Wednesday, July 21, 2010

The Tipping Point {Guest Post}

Welcome to my Perspectives Series, where I host a guest blogger whose perspective differs from my own. While we share a passion for our families and for writing, our priorities, responsibilities and situations are not the same. And it’s the differences I’d like to highlight here, because let’s face it, the world is more interesting that way.

Today I am excited to share my space with Stacia, one of my favorite bloggers, who has the amazing ability to make her readers smile, gasp, think, cry, laugh and swoon – sometimes, all in one post! She has been an inspiration to me from very early on in my journey in the blogosphere, and I am honored to have her here. Recently, on Mother’s Day nonetheless, she gave birth to her third baby, and if you can’t imagine what that’s like, you don’t have to; she’ll tell you in her own words, peppered with humor, grace and humility.

Please help me welcome her – leave a comment and take some time to visit her site.  I assure you, it will be a trip you won’t likely forget.

 

The Tipping Point
by Stacia @ Fluffy Bunnies

In business, it's the small yet profound moment when momentum shifts and a significant change occurs. It's when the video goes viral, the rock star says she likes those shoes, or the kids on the playground want those bracelets.

In motherhood, there's also a tipping point. For me — a stay-at-home mom of three — it's the moment I realized it was harder to be home with my newborn than it was to venture out. When I gathered up burp cloths, bottles, and sundry rattling toys and decided to leave the house. Because I couldn't stay there one more minute.

I've reached this tipping point at crucial, yet distinct, moments with each addition to my brood.

With my oldest, it was eight weeks into my new full-time job as mother to a small, helpless, sleepless creature. I was trying to manage a slow return to my other job (the paying one) by working at home a few hours a day. I was barely getting four hours of shuteye a night. I was addicted to daytime television because I craved adult voices, even if they talked incessantly about dishes I would never cook, movies I would never see, and clothes I would never fit into again.

One November morning, as Regis and Kelly spun the Prize Wheel yet again, I sat in bed and cried. I had made plans to take my daughter to work and introduce her to my colleagues. But the thought of trying to shower and dress and eat and get the baby ready and remember what to put in the diaper bag was overwhelming. All I wanted to do was lie there.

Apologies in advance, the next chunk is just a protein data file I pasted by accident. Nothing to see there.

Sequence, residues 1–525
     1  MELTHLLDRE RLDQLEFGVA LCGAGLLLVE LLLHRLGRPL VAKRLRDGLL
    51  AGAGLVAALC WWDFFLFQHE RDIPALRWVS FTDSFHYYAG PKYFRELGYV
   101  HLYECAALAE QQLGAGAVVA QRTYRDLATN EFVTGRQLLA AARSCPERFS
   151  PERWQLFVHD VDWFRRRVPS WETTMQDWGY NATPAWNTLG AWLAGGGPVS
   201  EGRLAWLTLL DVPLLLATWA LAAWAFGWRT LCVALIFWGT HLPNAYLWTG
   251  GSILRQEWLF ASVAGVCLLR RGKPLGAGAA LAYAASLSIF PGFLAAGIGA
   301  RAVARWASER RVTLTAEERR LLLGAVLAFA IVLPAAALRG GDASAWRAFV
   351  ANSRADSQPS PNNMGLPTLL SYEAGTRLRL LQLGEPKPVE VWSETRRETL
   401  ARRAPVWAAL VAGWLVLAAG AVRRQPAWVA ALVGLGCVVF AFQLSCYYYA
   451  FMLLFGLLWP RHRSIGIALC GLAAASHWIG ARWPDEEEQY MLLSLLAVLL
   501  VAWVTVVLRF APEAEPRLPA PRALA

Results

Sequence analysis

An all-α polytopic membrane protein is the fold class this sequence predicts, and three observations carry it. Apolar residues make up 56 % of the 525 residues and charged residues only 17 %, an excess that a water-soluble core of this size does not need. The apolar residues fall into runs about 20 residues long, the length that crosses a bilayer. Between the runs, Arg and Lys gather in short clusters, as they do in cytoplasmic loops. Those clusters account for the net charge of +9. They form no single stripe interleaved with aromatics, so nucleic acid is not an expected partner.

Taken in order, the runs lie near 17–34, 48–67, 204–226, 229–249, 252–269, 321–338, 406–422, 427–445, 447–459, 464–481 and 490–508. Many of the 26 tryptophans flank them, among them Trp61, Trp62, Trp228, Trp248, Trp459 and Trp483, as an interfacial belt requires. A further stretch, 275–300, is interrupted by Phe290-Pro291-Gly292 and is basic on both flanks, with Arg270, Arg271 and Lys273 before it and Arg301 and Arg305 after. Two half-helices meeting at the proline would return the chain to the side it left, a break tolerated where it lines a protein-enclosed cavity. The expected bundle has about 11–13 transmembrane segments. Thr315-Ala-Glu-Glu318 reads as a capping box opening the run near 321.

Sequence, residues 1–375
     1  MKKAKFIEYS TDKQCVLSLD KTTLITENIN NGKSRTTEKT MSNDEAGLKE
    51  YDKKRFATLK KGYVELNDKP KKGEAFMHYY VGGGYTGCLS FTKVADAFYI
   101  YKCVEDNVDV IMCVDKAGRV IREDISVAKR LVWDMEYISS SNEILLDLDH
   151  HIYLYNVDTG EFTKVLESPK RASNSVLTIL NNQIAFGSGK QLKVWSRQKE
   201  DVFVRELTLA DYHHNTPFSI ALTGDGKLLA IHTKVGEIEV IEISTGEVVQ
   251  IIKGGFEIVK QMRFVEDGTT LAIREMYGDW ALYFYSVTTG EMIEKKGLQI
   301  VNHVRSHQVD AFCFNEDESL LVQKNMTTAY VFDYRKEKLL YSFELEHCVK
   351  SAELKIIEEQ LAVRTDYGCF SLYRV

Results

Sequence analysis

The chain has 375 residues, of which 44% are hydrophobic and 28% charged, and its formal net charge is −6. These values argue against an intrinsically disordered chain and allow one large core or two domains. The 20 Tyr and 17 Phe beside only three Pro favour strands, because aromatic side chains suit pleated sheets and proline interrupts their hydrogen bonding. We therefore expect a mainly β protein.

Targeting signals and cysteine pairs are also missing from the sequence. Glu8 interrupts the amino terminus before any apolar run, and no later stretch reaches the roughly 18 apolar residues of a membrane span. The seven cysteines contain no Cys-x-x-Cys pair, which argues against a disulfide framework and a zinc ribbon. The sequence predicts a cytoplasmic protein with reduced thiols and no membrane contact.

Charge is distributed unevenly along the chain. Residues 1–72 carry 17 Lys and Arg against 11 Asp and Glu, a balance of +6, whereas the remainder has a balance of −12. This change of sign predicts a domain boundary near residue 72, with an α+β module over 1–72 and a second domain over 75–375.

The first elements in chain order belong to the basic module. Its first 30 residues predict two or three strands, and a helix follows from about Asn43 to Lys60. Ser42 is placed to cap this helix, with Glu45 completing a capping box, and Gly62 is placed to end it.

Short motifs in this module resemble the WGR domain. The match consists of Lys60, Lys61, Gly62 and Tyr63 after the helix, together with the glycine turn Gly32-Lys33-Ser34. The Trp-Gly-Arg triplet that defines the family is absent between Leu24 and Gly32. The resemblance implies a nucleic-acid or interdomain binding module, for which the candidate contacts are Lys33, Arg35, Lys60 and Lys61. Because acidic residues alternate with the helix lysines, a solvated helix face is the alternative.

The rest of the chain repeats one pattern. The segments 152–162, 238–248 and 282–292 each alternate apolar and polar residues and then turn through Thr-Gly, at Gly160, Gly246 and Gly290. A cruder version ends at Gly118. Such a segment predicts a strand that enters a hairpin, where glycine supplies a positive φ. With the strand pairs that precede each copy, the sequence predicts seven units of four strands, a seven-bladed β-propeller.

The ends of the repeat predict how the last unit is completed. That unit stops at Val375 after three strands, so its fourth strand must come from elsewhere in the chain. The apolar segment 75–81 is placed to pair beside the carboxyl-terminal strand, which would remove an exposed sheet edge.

And it hit me, right between my unwaxed eyebrows. I had to get out of my house. No matter how hard it would be, no matter how tired I was, no matter that she would probably poop on her outfit in the car. I had to get out. My tipping point.

When my son joined us, a mere 14 months after my daughter (oops!), my tipping point came again at the two-month mark. I was sitting on the couch watching You've Got Mail for the tenth time in three days. I was shoveling peanut M&Ms into my mouth like a toddler on Halloween. And I was literally watching the minutes tick by on the clock, willing them to speed up so that it would be naptime and I could escape into the silence.

I had to get out of my house. My tipping point.

Just last week, I hit the tipping point with my third child, who arrived in May. We had watched the entire PBS morning line-up. My newborn had barfed all over the couch. My middle child had, shall we say, soiled his Thomas the Train underpants. My oldest had scaled the gate blocking the stairs and ransacked her room. I had been wearing the same clothes for three days. My tipping point.

I had to get out of my house.

And so I did. Each time I reached that tipping point, I packed the diaper bag and packed the kid(s). I shoved a hat on my head and told myself it had to be better out there. Where people were ordering lattes and shopping for cantaloupe and chit-chatting with the mailman. Where they were turning in library books and turning up the radio. Where they were living, instead of being.

And when I tipped? Life did, too.

In my favor.


Do you remember when you reached your tipping point? How was it different with one, two, three, more kids? And did you, too, pass time at home with a peanut M&M addiction??

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